Andy Flower glanced at his watch, grimaced and apologised to the group of cricketing enthusiasts clustered eagerly around him. "Sorry guys, no time for bowling – I've not time-managed this session very well," he said.
There was no sign of disappointment in his audience, who had spent the previous hour hurling themselves with middle-age defying gusto into a series of fielding drills enthusiastically set out by the England coach in the indoor school at The Oval. The session had overrun but there was no rush by Flower to draw it to a close; his feet twinkled into a perfect impression of a Brian Lara cover drive as he ignored gestures from his minders to wind up to make one last point about being comfortable in your stance at the crease.
There are not many instances of Flower having to say sorry since he took on his current role. It will be three years in January since he replaced Peter Moores as England coach and they have been years of mounting success that have seen his adopted country become the best Test team in the world for the first time.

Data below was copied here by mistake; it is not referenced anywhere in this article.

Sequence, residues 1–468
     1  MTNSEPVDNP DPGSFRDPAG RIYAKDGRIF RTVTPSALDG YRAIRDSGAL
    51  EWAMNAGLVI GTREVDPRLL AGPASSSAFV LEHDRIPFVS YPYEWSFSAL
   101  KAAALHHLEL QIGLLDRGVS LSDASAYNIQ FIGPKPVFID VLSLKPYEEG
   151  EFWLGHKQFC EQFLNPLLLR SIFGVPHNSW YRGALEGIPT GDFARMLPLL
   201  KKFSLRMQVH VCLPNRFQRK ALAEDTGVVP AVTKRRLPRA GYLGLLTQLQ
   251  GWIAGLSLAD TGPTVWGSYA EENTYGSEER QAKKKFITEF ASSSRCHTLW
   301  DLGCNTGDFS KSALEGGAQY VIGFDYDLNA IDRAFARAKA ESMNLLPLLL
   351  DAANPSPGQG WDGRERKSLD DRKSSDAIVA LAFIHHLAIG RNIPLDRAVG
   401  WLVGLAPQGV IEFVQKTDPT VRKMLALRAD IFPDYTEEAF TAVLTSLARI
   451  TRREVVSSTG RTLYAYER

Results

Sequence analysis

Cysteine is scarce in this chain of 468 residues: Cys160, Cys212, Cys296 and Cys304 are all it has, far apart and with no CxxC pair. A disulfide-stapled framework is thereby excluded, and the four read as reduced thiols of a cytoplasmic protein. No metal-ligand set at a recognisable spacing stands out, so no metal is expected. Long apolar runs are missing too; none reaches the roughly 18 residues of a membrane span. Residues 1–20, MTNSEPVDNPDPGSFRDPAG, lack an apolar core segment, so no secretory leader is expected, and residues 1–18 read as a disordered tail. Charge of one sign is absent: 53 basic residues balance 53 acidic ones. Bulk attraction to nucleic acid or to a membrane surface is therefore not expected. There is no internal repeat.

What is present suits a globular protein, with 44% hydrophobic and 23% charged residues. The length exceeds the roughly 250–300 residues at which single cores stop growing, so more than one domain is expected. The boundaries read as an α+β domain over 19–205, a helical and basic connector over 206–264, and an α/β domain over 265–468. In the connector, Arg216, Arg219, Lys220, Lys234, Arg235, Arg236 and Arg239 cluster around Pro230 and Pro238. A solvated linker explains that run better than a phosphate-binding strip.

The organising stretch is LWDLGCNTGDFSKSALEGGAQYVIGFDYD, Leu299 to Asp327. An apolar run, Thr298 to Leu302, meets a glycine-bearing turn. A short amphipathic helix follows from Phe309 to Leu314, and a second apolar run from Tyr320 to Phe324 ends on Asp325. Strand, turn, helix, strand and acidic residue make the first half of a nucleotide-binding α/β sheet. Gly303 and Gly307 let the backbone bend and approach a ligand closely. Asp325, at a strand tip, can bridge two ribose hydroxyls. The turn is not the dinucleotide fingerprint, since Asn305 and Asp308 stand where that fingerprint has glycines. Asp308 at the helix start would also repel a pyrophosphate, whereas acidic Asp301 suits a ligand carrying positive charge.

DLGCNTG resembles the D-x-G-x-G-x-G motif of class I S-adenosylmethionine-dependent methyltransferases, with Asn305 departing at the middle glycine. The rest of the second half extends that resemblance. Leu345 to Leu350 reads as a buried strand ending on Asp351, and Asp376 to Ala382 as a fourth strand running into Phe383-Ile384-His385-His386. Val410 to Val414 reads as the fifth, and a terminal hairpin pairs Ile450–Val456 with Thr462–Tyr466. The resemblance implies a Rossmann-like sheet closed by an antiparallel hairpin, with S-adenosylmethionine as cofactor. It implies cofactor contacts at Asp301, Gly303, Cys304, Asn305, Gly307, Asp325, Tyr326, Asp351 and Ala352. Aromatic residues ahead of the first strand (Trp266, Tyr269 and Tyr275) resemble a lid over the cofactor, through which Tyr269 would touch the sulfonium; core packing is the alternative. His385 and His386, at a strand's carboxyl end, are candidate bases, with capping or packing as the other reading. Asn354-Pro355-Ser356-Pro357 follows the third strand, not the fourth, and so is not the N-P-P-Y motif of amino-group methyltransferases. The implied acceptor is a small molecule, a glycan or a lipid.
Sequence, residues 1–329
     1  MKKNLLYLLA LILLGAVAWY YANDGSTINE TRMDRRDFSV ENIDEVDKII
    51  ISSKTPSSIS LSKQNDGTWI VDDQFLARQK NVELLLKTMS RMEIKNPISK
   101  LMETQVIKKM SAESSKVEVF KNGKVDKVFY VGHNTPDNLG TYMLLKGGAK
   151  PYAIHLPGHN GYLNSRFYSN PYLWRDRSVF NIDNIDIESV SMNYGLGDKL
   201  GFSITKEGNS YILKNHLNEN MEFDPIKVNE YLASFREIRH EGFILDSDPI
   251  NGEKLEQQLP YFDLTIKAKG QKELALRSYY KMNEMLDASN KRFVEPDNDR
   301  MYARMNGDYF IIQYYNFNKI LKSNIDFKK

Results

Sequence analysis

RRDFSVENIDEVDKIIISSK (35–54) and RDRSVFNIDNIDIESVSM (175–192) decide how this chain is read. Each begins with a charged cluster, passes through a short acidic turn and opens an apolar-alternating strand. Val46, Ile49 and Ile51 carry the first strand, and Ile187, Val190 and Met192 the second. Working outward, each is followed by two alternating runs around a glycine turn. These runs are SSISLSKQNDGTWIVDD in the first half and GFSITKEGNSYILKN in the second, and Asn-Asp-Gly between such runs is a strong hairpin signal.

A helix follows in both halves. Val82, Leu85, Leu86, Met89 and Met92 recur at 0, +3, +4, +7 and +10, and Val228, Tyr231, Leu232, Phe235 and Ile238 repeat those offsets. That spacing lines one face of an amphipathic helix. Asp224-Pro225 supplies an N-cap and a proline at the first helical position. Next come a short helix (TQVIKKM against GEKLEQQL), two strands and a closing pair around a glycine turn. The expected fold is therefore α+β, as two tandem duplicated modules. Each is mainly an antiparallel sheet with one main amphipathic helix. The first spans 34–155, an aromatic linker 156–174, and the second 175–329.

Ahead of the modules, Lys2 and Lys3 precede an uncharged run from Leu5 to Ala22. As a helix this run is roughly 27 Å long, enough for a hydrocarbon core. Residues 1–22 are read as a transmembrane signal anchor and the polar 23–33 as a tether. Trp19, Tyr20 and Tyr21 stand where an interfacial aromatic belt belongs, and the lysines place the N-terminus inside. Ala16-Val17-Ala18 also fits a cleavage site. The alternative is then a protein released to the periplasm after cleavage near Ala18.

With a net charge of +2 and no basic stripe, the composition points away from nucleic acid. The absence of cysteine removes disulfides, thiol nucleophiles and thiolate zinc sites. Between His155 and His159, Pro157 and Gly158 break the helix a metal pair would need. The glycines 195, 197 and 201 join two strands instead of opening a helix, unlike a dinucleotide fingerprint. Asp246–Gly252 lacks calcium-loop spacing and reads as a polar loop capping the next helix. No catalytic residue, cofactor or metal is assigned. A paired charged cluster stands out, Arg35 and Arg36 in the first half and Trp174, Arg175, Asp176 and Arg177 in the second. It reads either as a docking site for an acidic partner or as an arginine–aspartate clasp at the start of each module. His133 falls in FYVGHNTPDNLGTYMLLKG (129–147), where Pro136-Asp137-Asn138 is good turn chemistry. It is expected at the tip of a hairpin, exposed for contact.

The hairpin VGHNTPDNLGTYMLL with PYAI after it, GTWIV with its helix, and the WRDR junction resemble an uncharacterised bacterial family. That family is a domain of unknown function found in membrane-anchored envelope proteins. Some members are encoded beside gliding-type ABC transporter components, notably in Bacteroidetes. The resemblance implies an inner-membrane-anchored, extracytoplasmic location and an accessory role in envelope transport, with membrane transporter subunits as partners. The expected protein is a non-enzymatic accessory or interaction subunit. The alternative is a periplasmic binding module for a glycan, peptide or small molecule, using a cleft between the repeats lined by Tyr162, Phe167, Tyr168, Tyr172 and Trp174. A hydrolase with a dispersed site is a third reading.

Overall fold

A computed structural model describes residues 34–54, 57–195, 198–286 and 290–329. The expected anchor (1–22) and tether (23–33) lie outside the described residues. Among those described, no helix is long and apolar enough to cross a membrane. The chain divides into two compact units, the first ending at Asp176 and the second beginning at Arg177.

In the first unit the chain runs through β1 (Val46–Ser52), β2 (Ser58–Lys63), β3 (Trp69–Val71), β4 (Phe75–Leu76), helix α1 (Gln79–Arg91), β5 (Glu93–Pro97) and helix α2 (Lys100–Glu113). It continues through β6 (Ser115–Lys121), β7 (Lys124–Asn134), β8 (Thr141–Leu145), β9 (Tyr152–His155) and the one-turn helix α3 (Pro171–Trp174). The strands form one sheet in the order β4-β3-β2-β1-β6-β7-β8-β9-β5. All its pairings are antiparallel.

The challenge is about to get even more demanding and over the course of the next two years time management will become ever more important to England's chances of staying where they are, looking down on the rest, in the Test and Twenty20 arenas and climbing upwards in the one-day game. The schedule through to the Ashes at the end of 2013 is gruelling and will make huge demands of players and coaching staff. The amount of cricket the game's governing body and their national counterparts are asking their leading players to commit to has never been greater. Add in the demands and eye-catching financial attractions of the Indian Premier League, the underwhelming Champions League and the rest of the burgeoning global Twenty20 merry-go-round and it adds up to an unsustainable workload.
Some players, like Lasith Malinga, the enigmatic left-armer who should be leading Sri Lanka's attack, have already decided that Test cricket, supposedly the game's pinnacle, is not worth the bother. Malinga is unlikely to be the last box-office name to turn their back on Tests. "There's a great danger [of others following suit]," says Flower. He has changed from his training gear and we are now installed in an office hidden down a maze of whitewashed corridors behind The Oval dressing rooms. "The rewards out there for playing less cricket are obvious. It's a great sadness to world cricket that we're losing players like him from Test cricket – that guy should be playing Test cricket for Sri Lanka. There's no doubt about that – it makes the world game more interesting if he's involved in it.